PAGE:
Movement is the Key to Wellbeing

TMW is all about inviting people to move – both in a physical way and also within themselves; to move away from negative patterns towards positive patterns of behaviour. Movement is also important where healing is concerned as something static and frozen cannot heal. For there to be health, wellbeing and healing we need to encourage flow in the aliveness of ourselves. 

There are three ways in which we do this: 

The movements of TMW begin the invitation to move physically, but only to the limit of where the body stays relaxed and soft. Why? Because when there is tension, there is automatically tightness and therefore less flow. So to ‘do less’ is to achieve more!

To add breathing is to bring another dimension of movement in, especially when we move with the natural breath rather than controlling the breath to work with the movements. One comes from control and the other from a deep place of let go, where just to relax into the breath means that the breather has already softened control. When movement and breathing are combined, the bellows effect increases circulation and the oxygenation of the blood.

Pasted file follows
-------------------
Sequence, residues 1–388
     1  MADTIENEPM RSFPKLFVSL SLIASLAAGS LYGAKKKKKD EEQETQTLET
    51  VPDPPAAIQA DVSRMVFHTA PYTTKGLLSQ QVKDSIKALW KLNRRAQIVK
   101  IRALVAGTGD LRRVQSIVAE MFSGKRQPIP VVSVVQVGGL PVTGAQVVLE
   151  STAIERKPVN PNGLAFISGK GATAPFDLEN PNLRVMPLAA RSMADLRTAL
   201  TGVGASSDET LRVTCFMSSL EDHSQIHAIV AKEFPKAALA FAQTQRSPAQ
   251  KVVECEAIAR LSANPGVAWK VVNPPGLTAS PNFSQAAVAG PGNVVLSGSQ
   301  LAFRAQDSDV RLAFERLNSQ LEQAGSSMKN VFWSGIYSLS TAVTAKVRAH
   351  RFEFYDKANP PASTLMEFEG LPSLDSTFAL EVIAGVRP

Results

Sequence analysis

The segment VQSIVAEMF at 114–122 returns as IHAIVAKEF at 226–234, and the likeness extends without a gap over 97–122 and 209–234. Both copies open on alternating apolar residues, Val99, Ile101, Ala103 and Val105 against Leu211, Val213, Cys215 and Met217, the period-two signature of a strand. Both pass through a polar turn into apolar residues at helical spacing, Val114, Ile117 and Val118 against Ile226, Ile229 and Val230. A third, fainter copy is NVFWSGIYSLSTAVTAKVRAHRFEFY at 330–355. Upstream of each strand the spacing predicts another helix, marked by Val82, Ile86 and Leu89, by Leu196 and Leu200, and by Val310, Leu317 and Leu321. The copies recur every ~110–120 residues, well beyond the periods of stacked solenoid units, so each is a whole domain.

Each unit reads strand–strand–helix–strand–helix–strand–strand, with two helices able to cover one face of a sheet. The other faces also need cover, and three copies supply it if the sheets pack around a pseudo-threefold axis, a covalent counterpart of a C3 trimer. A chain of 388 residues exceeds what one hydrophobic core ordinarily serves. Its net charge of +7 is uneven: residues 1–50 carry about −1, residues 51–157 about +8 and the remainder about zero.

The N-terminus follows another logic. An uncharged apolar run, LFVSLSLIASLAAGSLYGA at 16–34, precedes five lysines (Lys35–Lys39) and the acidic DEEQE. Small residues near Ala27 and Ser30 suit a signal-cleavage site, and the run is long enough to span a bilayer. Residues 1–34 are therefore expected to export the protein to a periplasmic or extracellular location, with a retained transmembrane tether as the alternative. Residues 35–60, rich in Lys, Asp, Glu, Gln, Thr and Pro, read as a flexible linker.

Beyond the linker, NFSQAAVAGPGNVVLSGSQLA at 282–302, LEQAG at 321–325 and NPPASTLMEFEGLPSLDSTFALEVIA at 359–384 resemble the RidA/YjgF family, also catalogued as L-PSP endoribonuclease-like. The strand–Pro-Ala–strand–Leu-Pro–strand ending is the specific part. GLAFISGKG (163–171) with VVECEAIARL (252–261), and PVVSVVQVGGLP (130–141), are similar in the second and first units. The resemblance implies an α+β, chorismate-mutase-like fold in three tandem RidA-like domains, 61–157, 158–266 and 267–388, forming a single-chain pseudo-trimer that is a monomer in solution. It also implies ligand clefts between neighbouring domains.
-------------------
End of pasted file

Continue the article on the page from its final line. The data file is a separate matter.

However, there is a further layer that we use which is unique to TMW and Tai Chi – the use of ‘inner flow’. This means that we follow the direction of the movement with our minds – coming from the feet, via the legs and waist, up the spine and out through the arms and fingers. So, the mind is completely focussed on the sense of movement in the body.

As we combine these three things we get a movement of the mind, combined with the movement of the body and the breath. This is very powerful. It creates a wave of movement through the body which massages the lymph and circulatory systems. Because the mind is moving, it refreshes and in some cases recreates the synaptic connections or finds new ways past blockages and damage – very important for conditions like Parkinsons and strokes as well as a host of others. 

So move, breathe and let the mind move to create a wave that nourishes and brings us into deeper wellbeing! 

Richard Farmer

More posts you might like...